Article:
Last fall Jeff Cornwall, holder of the Sandra Schulze Chair in Entrepreneurship, and Michael Naughton, director of the John A. Ryan Institute for Catholic Social Thought, addressed these questions and many more in a course titled Christian Faith and the Management Professions: An Entrepreneurial Perspective. In a shared course between Catholic Studies and the Theology Department, 20 students discussed and debated the social meaning of Christian faith and the challenges and opportunities of living an entrepreneurial vocation.
This course, along with the other faith and profession courses offered through the Center for Catholic Studies, serves as a signature, or capstone course for students by helping them integrate their liberal arts and entrepreneurship studies. By engaging in an interdisciplinary conversation between Catholic social teachings and entrepreneurship, the course takes on a mode of discourse that can be described as “middlelevel thinking” – examining the connections between revelation and reason, theory and praxis, faith and work, and virtue and technique.
One of the most important marks of a course like Faith and Entrepreneurship is the dimension of it being team taught. It was helpful for students to see a theology professor and an entrepreneurship professor (who ran his own company for many years) in front of a room discussing, debating and integrating components of Catholic social thought and entrepreneurship. This integration is difficult for a single individualto create since it requires a mastery in more than one discipline, which is why having both professors teaching together was so effective.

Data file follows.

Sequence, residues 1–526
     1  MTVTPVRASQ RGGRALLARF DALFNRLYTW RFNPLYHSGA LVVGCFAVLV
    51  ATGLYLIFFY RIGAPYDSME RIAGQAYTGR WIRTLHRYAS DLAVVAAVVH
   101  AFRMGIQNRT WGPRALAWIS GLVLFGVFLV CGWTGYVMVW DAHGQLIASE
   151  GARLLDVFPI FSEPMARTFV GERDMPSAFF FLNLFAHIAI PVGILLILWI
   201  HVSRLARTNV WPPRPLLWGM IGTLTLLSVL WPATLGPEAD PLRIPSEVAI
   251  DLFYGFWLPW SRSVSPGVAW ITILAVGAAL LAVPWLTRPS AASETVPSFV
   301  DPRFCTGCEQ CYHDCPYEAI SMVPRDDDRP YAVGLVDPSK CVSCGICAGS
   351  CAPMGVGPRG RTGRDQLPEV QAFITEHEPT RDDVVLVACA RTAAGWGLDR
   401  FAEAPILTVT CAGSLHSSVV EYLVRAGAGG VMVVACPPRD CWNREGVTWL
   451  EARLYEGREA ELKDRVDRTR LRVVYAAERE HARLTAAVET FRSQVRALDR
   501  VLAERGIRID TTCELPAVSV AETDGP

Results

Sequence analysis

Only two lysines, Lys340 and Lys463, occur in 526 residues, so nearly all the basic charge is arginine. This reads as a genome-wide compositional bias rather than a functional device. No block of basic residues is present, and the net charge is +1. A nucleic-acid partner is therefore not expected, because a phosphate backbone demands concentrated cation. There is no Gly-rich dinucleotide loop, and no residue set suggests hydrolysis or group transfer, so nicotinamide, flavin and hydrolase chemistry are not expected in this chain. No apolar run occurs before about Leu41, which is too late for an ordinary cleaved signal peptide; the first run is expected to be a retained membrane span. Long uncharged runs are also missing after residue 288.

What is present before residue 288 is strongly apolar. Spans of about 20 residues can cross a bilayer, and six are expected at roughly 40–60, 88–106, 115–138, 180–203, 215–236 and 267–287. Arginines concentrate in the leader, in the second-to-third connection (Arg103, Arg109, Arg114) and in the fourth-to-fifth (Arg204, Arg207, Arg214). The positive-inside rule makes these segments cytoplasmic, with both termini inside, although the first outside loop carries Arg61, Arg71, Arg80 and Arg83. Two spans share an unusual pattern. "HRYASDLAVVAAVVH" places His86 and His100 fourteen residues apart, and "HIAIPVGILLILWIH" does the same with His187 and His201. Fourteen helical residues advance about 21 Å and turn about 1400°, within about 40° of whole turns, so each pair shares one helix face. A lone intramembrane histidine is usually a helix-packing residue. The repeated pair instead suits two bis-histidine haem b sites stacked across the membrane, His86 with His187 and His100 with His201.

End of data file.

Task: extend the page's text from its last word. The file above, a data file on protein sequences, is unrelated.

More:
Throughout the semester, Cornwall, Naughton and the students explored the personaland organizational components of this integration, and how the word “integrity” comes from the Latin adjective “integer,” meaning whole, complete or the state or quality ofbeing unimpaired. Integrity depends on the ability to integrate personally those things that make people wholly consistent in themselves. Organizationally, conditions or structures are needed that allow people to become and remain whole. These aspects of integrity offered two questions which inspired the class: 1) At the level of personal integrity: What kind of person should I, as an entrepreneur, strive to become? 2) At the level of the organizational integrity: What kind of organizational community should I, as an entrepreneur, strive to build and maintain?
These questions serve as conduits to explore the deeper notion of work as vocation. Both Naughton and Cornwall believe that entrepreneurship can be a vocation. Yet they realize that within business or any other organization, the danger of reducing human mystery to human “stuff” is always present. The Catholic social tradition provides the moral and spiritual wisdom to help entrepreneurs to see their work as vocation in the deepest sense of the word.